What would we do without pop culture? Daily, we click links and gobble up gossip, or spend hours binge-watching our favorite movies and television shows on Netflix. We know who is dating who, what designer actresses are wearing to award shows and when the next celebrity baby bump is due to arrive.
I will admit, I am a victim of pop culture overload myself. My mind is cluttered with innumerable facts about pop culture. I am famous among my friends for spouting off music lyrics and movie quotes at any given time. But how many understated health disparities references have you missed while binge-watching your favorite television shows? More and more, writers, artists and executives in the entertainment industry are using their art and star power to talk about racial and ethnic health disparities.
On the latest episode of black-ish a new show about an upper-middle class Black family on ABC, Andre, played by Anthony Anderson, is a week shy of 40. He feels really good about his age, because he feels he still is cool. When his colleagues at work give him a hard time about his age and take him off the lead of the Red Bull account, Andre says, “Advertising is about cool, and in cool, Black 40 is the White 25.” A few beats later, after suggesting Andre get a colonoscopy because of his age, his white colleague says to Andre, “Because in health, Black 40 is the White 75.” I laughed, then gasped. Health inequities are not funny, but sometimes the best way to hammer a point home is to tell a good joke.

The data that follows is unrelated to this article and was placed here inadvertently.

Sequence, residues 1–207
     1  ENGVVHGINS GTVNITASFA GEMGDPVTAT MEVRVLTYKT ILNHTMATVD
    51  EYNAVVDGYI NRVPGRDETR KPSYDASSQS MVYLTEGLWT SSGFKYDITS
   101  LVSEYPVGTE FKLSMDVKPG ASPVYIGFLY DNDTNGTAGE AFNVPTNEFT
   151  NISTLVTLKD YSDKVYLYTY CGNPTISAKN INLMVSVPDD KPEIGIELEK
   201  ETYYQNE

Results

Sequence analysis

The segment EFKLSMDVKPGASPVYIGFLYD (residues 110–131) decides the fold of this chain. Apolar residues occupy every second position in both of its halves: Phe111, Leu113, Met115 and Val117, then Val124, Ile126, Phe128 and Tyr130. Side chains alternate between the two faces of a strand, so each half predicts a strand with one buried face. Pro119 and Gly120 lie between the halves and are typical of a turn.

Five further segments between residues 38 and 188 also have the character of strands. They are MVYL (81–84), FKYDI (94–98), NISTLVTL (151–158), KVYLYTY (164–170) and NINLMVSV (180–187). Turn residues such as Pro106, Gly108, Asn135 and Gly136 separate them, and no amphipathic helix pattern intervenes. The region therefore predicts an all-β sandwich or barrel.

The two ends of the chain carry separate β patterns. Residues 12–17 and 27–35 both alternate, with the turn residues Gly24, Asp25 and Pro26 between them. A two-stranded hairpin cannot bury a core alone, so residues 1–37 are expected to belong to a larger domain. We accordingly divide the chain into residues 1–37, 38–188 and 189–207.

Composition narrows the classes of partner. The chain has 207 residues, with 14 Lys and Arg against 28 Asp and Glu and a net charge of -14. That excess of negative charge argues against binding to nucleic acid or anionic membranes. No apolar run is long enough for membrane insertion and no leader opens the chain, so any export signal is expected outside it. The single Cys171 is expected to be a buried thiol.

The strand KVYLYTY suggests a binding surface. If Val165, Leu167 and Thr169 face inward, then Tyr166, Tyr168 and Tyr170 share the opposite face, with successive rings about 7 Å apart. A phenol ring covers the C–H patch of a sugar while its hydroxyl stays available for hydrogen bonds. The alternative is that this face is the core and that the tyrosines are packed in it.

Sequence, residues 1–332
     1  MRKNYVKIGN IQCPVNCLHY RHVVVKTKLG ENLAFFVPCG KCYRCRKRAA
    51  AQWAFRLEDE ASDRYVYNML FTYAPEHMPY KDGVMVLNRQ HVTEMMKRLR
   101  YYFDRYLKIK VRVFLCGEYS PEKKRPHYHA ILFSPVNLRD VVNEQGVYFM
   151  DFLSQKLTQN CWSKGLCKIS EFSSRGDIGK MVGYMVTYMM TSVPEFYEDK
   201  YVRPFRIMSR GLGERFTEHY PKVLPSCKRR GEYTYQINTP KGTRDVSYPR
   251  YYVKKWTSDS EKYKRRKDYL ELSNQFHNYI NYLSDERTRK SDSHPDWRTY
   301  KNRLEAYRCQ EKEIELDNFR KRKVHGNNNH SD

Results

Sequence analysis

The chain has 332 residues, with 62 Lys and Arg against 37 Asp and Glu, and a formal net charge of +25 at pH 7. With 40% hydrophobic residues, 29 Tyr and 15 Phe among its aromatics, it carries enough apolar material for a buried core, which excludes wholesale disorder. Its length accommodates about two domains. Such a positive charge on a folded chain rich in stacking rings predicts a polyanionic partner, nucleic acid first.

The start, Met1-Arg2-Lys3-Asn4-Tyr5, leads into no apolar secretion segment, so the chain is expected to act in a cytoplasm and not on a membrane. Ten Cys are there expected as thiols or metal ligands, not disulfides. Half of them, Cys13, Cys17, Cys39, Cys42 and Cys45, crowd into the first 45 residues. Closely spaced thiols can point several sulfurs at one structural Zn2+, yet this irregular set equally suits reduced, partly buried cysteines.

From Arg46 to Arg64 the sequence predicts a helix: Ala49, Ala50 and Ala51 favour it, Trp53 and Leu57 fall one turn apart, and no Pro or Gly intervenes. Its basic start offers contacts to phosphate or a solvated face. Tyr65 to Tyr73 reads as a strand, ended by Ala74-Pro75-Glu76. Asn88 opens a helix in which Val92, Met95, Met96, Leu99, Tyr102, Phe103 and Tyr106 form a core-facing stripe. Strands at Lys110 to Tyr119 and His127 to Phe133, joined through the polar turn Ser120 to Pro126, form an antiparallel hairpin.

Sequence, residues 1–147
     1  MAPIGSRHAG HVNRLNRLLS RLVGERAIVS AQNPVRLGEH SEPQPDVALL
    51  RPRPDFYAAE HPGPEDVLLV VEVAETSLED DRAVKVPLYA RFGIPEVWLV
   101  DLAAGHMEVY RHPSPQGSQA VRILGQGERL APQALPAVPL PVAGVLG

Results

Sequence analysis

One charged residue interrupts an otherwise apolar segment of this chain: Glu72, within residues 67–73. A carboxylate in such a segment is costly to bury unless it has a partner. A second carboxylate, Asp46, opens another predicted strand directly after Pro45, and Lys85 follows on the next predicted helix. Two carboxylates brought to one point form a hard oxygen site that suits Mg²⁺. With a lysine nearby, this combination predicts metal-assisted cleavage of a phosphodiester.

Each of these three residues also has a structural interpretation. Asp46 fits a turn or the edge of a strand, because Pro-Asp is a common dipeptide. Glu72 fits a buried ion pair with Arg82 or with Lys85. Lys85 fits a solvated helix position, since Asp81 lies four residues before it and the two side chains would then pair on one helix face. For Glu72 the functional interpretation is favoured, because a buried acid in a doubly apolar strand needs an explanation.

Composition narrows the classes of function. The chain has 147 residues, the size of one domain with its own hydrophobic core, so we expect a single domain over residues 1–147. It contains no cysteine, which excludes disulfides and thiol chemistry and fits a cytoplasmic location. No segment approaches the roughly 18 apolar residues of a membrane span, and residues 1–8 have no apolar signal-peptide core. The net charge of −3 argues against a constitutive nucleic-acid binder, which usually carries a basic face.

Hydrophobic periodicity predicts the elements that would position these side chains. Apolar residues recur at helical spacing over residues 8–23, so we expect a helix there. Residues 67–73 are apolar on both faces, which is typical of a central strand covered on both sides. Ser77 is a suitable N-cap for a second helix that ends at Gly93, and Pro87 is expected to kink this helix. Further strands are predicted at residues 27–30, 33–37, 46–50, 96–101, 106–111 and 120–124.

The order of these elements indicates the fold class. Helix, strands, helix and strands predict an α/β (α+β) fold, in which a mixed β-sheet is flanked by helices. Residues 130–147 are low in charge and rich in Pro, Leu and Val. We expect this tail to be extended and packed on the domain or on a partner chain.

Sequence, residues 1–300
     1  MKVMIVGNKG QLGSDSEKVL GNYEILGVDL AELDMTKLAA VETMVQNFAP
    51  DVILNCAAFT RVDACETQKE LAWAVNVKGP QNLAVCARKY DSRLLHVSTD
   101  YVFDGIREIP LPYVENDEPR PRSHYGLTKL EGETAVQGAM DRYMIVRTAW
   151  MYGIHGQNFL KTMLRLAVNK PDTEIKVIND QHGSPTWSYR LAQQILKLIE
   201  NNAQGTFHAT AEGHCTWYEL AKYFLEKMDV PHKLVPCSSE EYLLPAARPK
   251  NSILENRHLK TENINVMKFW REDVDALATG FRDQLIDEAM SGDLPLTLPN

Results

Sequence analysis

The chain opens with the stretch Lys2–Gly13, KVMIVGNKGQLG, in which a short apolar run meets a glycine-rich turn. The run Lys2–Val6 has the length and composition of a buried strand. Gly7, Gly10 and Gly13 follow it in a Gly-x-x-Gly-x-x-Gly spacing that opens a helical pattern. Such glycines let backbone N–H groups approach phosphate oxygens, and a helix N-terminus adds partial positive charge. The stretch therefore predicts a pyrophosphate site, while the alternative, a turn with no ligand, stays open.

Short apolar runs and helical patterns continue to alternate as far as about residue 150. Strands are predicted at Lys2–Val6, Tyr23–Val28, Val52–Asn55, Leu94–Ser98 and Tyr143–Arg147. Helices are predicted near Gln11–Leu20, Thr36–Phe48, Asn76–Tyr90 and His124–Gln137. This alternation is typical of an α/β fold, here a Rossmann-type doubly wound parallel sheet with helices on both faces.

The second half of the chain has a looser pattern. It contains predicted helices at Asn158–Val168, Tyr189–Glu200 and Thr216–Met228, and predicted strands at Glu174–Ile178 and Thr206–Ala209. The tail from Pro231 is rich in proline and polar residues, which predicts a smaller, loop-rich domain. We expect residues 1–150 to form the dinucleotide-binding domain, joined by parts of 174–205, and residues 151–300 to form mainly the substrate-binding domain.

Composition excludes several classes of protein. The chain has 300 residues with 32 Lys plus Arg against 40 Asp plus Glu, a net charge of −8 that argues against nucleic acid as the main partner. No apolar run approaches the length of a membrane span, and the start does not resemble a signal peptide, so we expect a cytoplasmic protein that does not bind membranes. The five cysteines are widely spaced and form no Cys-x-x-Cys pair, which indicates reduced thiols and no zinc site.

That gem of a comedic line holds some truth in it. It is true that health disparities affect more Black people than White people. To have a joke about racial and ethnic health disparities on a primetime major network television show is stunning and necessary.
In the pilot episode of The Mindy Project, Mindy Kaling stars as Mindy Lahiri, a doctor, is treating a patient from India with no insurance. After agreeing to take the woman on as a patient in spite of her lack of insurance, she says to her receptionist, “I just need a different kind of patient.” Her receptionist replies, “Got it. More white patients. Done.” Again, joking about such a serious issue is really effective here.
In the drama Boss, Kelsey Grammer stars as Tom Kane, the fictional mayor of Chicago, whose daughter Emma runs a free medical clinic. While treating a small child for asthma in episode3, season 1, Emma asks the mother about his health history. The mother replies he has been sick his whole life, but they have been unable to get treatment for him because they don’t have “the magic card,” meaning a health insurance card. Subtly, the writer makes a powerful point about race, poverty and health insurance coverage with just one line.
These references to racial and ethnic health disparities are desperately needed to raise awareness about this vital issue. Pay more attention to what you hear and see the next time you log on to Netflix or Hulu. You may find yourself learning more about health disparities than you ever thought you would.
Featured image courtesy of istockphoto.com